Here you can read some of the activities I did with my students to introduce, revise and consolidate reporting verbs. I have used a variety of online free tools. Free tools, as usual.

  • Aim: to introduce, revise and consolidate reporting verbs other than “say” “ask” and “tell”
  • Level: B2

AN INFOGRAPHIC TO CONSOLIDATE THE GRAMMAR STRUCTURE OF SOME REPORTING VERBS

I like infographics. They are colourful and can be displayed on the walls of the class for students to refer back to if they, God forbid, forget the grammar of these verbs. Honestly? I like creating them. I like playing with the fonts, icons, lines and anything the site has to offer to create them.

reporting verbs by cristina.cabal    I have created this infographic with Canva.

Direct link here


A "HALF-A-CROSSWORD" GAME TO HELP THEM REMEMBER THE MOST COMMON REPORTING VERBS.

This kind of exercise gives students a nice opportunity to use a variety of skills.

I have used a free website with a very complicated name, which I am not even going to attempt to write. Here’s the link. The only thing you need to do is write the terms in the box provided and then print the outcome. It’s magic.


A GALLERY QUIZ: A MATCHING EXERCISE WITH SOME REPORTING VERBS

This exercise takes students a step further as they will have to associate the meaning of a sentence in direct speech with the corresponding reporting verb.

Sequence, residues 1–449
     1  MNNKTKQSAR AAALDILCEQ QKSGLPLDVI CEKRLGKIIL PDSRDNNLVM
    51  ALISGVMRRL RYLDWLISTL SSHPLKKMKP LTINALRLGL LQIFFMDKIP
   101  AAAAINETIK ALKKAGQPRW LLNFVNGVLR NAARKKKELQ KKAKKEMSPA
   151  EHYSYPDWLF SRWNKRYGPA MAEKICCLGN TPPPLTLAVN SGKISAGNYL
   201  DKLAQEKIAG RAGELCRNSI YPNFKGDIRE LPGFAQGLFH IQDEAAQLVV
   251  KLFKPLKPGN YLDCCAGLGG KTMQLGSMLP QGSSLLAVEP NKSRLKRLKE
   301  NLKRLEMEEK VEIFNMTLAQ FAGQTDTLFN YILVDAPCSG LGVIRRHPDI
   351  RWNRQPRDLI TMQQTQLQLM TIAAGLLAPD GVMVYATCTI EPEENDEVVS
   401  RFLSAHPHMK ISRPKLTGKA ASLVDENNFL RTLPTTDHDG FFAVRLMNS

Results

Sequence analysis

This is a visual exercise you can do more than once to consolidate knowledge.


A STUDY-SET OF FLASHCARDS

Students should be ready to get into more demanding exercises as are the ones I suggest below.

In this exercise, students orally provide the reporting sentence.  The exercise has been created with quizlet, a well-known free tool I highly recommend as study sets are very easy to create and it’s great for rote learning. Although it offers a premium version, the free one is quite generous.
Depending on how confident your students feel, you can set this task to be done as an individual written exercise or orally as a whole class exercise.

Created with quizlet


USING GRASS SKIRTS: A TRANSLATION EXERCISE

This is game from the archives. I highly recommend you do it with your students. Lots of learning and lots of fun too. Your students are going to adore you.